Vauxhall Corsa Review
"The French lessons have really paid off"
Vauxhall Corsa review 2020

Vauxhall Corsa review: a sensible supermini, better than you think

  • Published 30 April 2020
  • 6 minute read
  • By Gavin Braithwaite-Smith


It’s amazing what a little French influence can do for a car. The all-new Vauxhall Corsa – and this one really is all new – borrows much from the latest Peugeot 208, injecting some joie de vivre into an otherwise humdrum supermini.

The Vauxhall Corsa has never been a bad car. Thanks to affordable prices, low running costs, typically good levels of standard equipment and a fuss-free approach to motoring, the Corsa has become a British institution.

Much better looking than it used to be - thank the new French influenceVauxhall Corsa review - rear view, driving, orange, 2020 Available to leaseLease Now

We’ll gloss over the fact that the Corsa is built in Spain by a French company, because there’s something inherently British about the little Vauxhall. It’s a car beloved of students, pensioners, driving schools and rental firms, making it feel like part of the country’s furniture.

As you can see from the images, the new Vauxhall Corsa is bordering on sexy*. Gone is the frumpy and dated styling of old, replaced by a look that could be described as alluring. The good news is there’s more to the new Corsa than a fresh face, including an all-electric version.


*This could be the first use of the word ‘sexy’ in relation to the Vauxhall Corsa. Ever.

Looks, tech and design

Stick a new Corsa alongside the old one and it’s a case of chalk and fromage. The new car is 48mm lower than before, which creates a less upright stance. It looks great from all angles, although it’s clear that Peugeot wanted to save the best styling for the 208.

It’s a similar story on the inside, with the Corsa looking less dramatic than the 208, although some buyers will welcome the ‘proper’ size steering wheel, as the Peugeot has a weirdly small one. Some of the buttons and switches are shared with the 208, but that’s not a problem, not least because the quality is up a notch or two.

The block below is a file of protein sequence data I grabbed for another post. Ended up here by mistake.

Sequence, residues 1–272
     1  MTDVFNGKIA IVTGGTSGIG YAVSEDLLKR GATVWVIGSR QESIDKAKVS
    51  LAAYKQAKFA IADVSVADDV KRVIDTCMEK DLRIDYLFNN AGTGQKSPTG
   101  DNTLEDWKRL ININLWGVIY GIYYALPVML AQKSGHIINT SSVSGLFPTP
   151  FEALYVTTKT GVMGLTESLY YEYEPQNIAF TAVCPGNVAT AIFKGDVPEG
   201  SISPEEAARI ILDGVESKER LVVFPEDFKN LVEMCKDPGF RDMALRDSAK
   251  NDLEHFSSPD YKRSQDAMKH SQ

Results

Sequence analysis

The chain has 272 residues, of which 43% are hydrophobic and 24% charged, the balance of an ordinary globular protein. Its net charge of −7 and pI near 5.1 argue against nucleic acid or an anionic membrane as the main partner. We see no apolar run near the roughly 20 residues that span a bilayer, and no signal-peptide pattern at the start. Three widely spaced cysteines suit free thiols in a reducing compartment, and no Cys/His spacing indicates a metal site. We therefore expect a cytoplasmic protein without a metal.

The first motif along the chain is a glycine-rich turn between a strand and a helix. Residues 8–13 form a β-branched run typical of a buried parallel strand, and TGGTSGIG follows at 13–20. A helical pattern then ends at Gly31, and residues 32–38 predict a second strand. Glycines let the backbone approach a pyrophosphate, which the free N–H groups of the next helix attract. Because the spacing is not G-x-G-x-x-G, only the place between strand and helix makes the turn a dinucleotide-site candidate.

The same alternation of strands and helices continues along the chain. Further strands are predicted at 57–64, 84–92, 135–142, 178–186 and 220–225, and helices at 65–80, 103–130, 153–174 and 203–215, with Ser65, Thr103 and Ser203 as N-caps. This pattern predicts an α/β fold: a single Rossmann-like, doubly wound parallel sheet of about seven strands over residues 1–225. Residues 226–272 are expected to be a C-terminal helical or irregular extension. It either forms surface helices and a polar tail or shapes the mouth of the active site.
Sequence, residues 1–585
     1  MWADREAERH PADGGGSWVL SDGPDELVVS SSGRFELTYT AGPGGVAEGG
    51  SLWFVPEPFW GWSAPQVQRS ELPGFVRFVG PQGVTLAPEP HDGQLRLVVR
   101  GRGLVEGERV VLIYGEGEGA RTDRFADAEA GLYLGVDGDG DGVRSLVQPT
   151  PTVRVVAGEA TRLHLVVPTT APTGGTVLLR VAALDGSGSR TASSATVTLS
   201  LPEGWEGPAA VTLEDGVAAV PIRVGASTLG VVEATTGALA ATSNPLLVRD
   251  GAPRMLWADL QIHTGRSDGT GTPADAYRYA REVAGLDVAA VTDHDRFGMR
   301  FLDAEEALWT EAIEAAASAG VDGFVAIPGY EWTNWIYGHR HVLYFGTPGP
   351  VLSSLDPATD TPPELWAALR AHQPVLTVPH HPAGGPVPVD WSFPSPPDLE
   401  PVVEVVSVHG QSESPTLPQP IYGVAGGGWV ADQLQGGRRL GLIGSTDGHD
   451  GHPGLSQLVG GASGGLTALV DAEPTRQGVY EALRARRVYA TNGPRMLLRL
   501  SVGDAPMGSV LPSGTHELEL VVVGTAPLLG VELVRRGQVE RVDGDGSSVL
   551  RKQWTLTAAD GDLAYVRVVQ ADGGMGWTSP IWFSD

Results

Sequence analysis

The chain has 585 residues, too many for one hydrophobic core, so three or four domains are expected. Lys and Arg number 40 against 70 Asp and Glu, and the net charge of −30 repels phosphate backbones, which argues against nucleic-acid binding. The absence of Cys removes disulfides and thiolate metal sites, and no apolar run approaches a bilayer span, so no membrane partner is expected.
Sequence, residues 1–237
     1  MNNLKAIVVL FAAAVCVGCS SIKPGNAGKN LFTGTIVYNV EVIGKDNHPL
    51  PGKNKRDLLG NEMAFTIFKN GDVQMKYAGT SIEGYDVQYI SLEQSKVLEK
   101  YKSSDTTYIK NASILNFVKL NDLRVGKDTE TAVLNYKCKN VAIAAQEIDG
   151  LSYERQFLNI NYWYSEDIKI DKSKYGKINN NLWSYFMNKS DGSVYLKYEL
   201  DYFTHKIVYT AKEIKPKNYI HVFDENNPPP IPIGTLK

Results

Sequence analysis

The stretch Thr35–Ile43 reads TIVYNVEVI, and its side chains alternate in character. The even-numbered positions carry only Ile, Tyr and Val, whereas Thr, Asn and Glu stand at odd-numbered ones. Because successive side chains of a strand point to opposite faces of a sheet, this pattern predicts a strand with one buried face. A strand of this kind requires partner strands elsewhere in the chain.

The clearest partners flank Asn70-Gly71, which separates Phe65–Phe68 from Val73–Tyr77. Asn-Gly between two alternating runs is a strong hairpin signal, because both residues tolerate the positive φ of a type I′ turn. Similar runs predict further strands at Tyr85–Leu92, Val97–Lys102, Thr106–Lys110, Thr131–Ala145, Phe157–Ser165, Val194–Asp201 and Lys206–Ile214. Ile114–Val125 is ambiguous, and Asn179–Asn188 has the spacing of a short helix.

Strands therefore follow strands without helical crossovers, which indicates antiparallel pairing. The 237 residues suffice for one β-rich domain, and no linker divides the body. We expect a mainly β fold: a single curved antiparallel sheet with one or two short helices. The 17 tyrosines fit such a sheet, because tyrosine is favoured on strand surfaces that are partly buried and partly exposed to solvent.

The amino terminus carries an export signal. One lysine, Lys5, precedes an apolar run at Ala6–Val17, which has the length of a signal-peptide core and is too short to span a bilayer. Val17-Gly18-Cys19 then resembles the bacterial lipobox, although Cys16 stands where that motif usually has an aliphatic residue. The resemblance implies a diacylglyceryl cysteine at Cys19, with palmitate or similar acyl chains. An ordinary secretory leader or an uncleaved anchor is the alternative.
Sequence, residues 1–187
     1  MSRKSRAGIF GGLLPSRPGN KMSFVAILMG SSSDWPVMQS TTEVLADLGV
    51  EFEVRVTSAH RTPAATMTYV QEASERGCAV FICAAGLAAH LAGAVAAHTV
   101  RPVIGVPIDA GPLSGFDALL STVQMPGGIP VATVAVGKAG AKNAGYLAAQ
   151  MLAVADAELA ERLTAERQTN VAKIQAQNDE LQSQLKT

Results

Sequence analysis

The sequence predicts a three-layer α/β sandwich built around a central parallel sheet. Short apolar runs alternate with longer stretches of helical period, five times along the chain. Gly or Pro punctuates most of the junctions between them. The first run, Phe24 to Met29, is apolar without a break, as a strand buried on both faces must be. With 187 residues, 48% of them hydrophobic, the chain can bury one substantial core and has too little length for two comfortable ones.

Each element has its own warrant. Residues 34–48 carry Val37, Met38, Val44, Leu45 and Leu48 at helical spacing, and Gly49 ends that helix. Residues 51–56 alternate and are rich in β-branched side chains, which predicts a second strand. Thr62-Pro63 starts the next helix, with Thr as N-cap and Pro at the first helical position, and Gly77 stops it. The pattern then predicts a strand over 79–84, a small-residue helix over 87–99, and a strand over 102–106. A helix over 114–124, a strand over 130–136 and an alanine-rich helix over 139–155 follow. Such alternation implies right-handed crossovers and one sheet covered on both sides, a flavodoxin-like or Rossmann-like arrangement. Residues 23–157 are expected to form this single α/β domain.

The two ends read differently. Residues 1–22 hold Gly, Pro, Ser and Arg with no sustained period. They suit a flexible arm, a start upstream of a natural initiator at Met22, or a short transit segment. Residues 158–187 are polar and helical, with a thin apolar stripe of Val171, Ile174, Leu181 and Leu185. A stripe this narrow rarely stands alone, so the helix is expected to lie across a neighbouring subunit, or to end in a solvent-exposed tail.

XXShame it's so dull inside...Vauxhall Corsa review - interior, 2020Available to leaseLease Now

Less forgivable is the rather plain and sombre dashboard. If Vauxhall wants to attract new buyers, this was an opportunity to try something different, rather than sticking to the tried and tested formula. Maybe dark black and grey plastics are where it’s at in 2020. But I doubt it.

At least you get a decent level of standard specification. All models feature LED headlights, a 7.0-inch colour touchscreen, Apple CarPlay, Android Auto, air-conditioning, a leather-covered steering wheel, cruise control, alloy wheels and a lane-departure warning system. That’s a seriously impressive level of kit for an entry-level supermini.

If only Vauxhall had trimmed the number of trim choices. There are four variants of the SE trim, four of the SRi, two Elite Nav versions and a top-spec Ultimate Nav. This is before you get to the option packs, engines and two variations of the electric Corsa-e. Choice is great, but speccing a Corsa is like choosing a dish from a restaurant menu the size of a small novel. Sometimes less is more.

In fairness, the Ultimate Nav trim lives up to its name. LED matrix headlights are unheard of in the supermini sector, while features like a 10.0-inch touchscreen, heated seats with a massage function, high-beam assist, keyless entry and start, 17-inch diamond-cut alloys and a panoramic rear-view camera are big-car toys for a small-car price. It’s just a shame that the compact digital instrument cluster looks like an afterthought.

Enough space for the shoppingVauxhall Corsa review - boot space, 2020 Available to lease Lease Now

Because the new Corsa has a longer wheelbase, there’s more room on the inside. It’s a five-door-only body – the three-door Corsa is no more – so accessing the back isn’t a problem. Once there, you’ll find enough space for two adults – three at a push – with plenty of legroom and headroom. Just be aware that the panoramic sunroof on higher-spec models eats into the available headroom.